DNA source Blood, tumor tissue, buccal swab, blood, etc

    Individual type Returns genomes correlated to the selected phenotype: Normal, Patient, Control or Disease Phenotype

    References Journal, Authors, Haplotype paper code, PubMedID

    Table 1. Database search criteria

    4.3 Database annotation

    HmtDB currently stores data derived from the knowledge of complete mt genomes. 635 out of the 4061 genomes stored in HmtDB are related to disease phenotypes associated to 13 different diseases. This last datum highlights the real need of the experience presented here. The number of mt diseases is far higher than 13, and literature reports data from single mt mutations screened in families and populations to assess associations of mutation with mt diseases. This type of information is available through MITOMAP3, but here the mtSNP is associated with the various phenotypes and literature data in a qualitative way and thus the data structure does not allow any quantitative estimate of the occurrence of the mutation in different phenotypes and different populations. Our goal is to include in HmtDB data extracted from the great quantity of papers available on the topic “mtDNA mutation and disease” and to integrate the data, structured and analysed with statistical tools, with the variability data derived from the human mt complete genomes already in HmtDB, thus allowing a comprehensive study of mtDNA variability related to population genetics and mt diseases. Until now, this has been partially carried out through manual inspection of mitochondrial literature. We are currently testing the text mining approach proposed in this work to perform automatic extraction of information from PubMed. Desired information concerns mutations, method of detecting mutations, and demographic details. More precisely, the nature of a mutation (e.g, insertion, deletion, transversion, etc.), mutant base (i.e. nucleotide), involved gene (i.e., locus), type of pathology, age, sex and nationality of patients/individuals, method and source of analysis (e.g., tissue, blood, etc.) are all categories of terms to be automatically identified in texts.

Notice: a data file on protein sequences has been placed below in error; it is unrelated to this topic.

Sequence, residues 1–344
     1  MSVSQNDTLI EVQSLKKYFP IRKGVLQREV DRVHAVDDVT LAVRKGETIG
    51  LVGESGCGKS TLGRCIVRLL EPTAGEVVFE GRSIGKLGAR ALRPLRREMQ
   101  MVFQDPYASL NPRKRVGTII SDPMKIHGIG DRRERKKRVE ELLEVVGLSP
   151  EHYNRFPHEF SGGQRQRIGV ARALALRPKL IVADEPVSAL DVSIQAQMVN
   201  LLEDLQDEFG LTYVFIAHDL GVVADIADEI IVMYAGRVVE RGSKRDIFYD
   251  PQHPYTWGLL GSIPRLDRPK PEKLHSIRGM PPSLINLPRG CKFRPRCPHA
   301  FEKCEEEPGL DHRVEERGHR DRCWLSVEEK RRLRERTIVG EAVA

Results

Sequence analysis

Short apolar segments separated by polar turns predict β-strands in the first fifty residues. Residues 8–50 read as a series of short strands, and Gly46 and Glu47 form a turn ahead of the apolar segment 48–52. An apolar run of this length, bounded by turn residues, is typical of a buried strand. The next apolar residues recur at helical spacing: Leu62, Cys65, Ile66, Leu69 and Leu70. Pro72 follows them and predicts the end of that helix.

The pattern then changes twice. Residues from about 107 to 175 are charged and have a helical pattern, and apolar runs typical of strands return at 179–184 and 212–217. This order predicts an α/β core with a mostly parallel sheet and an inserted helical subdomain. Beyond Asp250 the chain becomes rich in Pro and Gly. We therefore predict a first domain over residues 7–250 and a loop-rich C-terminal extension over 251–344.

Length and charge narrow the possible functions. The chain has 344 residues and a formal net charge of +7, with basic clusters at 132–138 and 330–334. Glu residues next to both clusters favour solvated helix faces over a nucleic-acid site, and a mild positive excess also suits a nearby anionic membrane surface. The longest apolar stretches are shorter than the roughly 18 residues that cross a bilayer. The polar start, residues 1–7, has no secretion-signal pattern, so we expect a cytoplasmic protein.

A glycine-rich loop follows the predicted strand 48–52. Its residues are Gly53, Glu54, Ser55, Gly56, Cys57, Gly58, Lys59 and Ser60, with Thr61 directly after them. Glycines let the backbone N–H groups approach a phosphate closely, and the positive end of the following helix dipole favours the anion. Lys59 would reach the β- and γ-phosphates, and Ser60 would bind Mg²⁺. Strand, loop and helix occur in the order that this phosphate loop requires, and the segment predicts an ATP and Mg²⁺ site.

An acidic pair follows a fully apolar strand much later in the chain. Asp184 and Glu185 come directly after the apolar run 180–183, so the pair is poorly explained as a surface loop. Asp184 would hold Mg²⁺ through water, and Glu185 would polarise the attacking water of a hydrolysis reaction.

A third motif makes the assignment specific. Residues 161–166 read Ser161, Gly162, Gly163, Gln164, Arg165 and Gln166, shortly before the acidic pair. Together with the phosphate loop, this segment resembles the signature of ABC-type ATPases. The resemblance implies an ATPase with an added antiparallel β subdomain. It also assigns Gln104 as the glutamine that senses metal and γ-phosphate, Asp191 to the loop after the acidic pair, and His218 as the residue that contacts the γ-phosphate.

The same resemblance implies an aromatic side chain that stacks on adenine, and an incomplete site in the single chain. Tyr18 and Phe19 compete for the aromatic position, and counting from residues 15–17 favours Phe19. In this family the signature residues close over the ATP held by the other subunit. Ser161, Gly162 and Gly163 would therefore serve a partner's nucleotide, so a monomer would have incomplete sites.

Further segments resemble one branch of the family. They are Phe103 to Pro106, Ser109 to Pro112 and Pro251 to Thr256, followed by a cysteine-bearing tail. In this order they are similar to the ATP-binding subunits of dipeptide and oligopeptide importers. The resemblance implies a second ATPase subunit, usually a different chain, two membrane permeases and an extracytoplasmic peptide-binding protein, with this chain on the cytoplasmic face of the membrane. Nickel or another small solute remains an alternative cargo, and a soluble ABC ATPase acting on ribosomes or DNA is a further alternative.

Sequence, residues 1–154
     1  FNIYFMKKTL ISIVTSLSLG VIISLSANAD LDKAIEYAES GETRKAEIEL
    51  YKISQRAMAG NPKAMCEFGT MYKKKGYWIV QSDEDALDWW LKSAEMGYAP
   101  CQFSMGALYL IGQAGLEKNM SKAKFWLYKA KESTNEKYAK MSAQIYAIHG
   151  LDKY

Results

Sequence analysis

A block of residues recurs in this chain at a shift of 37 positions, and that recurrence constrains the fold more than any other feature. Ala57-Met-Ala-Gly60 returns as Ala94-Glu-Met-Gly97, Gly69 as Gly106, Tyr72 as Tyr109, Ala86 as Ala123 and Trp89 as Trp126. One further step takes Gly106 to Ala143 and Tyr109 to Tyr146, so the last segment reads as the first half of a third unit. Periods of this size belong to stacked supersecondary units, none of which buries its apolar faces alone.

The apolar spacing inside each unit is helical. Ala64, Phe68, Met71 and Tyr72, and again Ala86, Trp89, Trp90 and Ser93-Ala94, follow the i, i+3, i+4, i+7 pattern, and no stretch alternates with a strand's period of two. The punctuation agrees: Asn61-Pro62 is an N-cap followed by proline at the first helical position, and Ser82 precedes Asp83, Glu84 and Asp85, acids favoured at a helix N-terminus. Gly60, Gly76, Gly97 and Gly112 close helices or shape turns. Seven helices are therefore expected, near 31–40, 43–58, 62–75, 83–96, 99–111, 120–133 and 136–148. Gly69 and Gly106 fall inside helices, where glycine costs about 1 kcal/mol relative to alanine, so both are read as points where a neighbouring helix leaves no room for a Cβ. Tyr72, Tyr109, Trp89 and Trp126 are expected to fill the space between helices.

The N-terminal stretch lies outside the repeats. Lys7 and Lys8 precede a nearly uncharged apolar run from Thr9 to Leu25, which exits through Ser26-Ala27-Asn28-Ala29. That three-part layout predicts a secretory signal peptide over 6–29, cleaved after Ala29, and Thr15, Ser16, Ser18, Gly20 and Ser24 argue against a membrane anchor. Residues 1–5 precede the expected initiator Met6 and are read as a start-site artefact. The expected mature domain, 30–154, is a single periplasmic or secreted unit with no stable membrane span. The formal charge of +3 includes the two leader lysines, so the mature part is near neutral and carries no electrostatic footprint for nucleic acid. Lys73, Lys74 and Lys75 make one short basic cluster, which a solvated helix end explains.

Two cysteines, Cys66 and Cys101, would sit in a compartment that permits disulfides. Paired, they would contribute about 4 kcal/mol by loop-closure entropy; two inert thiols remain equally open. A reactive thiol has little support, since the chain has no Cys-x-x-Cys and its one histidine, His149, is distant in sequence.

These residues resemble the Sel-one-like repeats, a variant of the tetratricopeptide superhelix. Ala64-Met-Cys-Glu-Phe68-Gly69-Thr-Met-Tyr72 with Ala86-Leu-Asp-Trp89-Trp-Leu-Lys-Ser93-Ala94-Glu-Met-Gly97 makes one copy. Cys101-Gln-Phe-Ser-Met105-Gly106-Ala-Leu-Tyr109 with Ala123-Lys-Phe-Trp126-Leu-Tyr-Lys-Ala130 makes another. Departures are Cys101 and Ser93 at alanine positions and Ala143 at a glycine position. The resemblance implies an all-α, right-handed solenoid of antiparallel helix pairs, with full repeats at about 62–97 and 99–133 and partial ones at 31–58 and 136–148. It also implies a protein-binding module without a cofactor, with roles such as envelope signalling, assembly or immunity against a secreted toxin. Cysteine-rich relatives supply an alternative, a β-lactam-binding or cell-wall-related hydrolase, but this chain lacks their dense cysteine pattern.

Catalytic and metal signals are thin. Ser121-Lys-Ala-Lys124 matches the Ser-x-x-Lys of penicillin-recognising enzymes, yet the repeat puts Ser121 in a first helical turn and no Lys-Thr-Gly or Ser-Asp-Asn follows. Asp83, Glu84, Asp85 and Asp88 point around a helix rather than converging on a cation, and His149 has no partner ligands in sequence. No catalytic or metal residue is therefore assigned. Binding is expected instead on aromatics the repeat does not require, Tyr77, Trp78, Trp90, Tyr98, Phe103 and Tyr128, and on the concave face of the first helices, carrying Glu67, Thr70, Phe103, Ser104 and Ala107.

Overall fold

4.4 Literature preparation

    Generating a reliable training set is a slow and labour-intensive task since there are no publicly available datasets about mtDNA annotation from the literature. For this aim,


  • Data Mining in Medical and Biological Research